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A Review Of Early Language Learning In Europe

1438 words - 6 pages

Initially, strong political and social debates of early foreign language learning led to the establishment of ELLiE, in order to observe and identify various factors that affect competence in foreign language learning (FLL). Although, numerous FLL studies on "a single class, school, or wider selection of schools" are available, long-term, integrated researches with multiple and cross-border aspects are limited (ELLiE, p. 11). As a result, the creation of ElliE became a reality, to increase knowledge and provide a broader view of implementation processes. The main objective of the ElliE project was also to illustrate vital factors that effectively contribute to the success of early language learning programs in various educational systems within the European Union. Not to mention the importance of initiating collaborative learning between countries by collecting and sharing beneficial evidence essential in validating early start programs in FLL.
This collaborative and innovative research transpired during a three-year term, involving seven countries, 1,400 learners, their schools, families and teachers. An important aspect of the ELLiE study was its perspicacious element. By taking in account not only socioeconomic factors of the learners, but also collecting substantial amount of case studies from rural and urban schools, as well as teachers' qualifications, the ELLiE research gives an astute insight into the FLL environment ongoing in Europe. Additionally, the research group collected information from collaborating schools 2-3 times a year by interviewing principals, teachers, and learners. Moreover, lessons were observed, various class questionnaires answered and tasks administered. Unfortunately, parents of target learners responded poorly to questionnaires, making their contribution insubstantial. Nevertheless, the results from the seven countries' children, schools, teachers, and families were published with the intention of giving evidence, increasing knowledge, and collaborating solutions as well as obstacles.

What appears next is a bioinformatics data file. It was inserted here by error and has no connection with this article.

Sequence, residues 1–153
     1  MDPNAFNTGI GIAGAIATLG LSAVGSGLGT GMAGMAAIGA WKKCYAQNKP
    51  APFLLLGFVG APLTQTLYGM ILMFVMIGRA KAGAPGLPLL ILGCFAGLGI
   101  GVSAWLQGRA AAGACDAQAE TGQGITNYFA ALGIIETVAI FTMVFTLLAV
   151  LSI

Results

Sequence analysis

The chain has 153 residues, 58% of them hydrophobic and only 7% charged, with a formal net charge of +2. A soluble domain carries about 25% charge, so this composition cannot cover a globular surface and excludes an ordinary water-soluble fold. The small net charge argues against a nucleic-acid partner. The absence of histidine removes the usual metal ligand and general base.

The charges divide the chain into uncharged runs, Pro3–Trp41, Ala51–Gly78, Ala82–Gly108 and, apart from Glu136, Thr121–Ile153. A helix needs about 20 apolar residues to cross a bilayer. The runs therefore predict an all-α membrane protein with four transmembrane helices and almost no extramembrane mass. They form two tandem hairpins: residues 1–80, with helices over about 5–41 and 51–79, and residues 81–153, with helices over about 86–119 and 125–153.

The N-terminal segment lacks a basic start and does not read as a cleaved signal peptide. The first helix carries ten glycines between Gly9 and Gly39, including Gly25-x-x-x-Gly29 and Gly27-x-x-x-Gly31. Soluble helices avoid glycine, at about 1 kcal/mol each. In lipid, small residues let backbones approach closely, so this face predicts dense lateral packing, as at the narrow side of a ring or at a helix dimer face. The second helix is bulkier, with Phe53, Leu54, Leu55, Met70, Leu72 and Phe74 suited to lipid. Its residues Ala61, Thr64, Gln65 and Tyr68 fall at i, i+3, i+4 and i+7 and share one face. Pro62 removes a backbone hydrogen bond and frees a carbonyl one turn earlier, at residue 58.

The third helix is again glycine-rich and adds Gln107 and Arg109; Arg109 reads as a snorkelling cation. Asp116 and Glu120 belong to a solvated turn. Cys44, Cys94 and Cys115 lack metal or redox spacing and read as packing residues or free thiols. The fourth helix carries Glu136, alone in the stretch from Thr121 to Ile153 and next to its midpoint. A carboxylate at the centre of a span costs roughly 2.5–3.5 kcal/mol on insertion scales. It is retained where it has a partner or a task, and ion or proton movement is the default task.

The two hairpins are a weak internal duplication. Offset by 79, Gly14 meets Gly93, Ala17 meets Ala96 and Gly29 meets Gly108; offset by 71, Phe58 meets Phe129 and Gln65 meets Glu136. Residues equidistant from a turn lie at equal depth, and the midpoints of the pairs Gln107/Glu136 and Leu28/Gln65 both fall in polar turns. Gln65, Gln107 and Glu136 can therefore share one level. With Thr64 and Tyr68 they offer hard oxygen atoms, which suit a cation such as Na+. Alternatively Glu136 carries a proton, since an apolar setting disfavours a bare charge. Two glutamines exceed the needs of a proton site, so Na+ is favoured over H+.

To begin with, most FLL policies of the target countries accessed in ELLiE's research were compulsory and proposed in each country's National Curriculum, but inadequate CEFR levels for early FLL contradict policy intensions. A vast majority of the countries expect FLL to start at age 5-7, while others propose a start age at 10-11. Overall, the average lesson duration exemplified in guidance curriculums suggest two 45-minute lessons per week. Oddly enough, although various countries allow FLL to begin at the age of five, CEFR level descriptors for early primary FLL seem to be inadequate. Because FLL policies illustrate Common European Framework of Reference for Language (CEFR), the lack of learning outcomes for early primary years is puzzling. The CEFR levels are based upon lower secondary age group and upwards. In order for cohesive, cross-phase learning for early primary students to take place, CEFR should illustrate "more...

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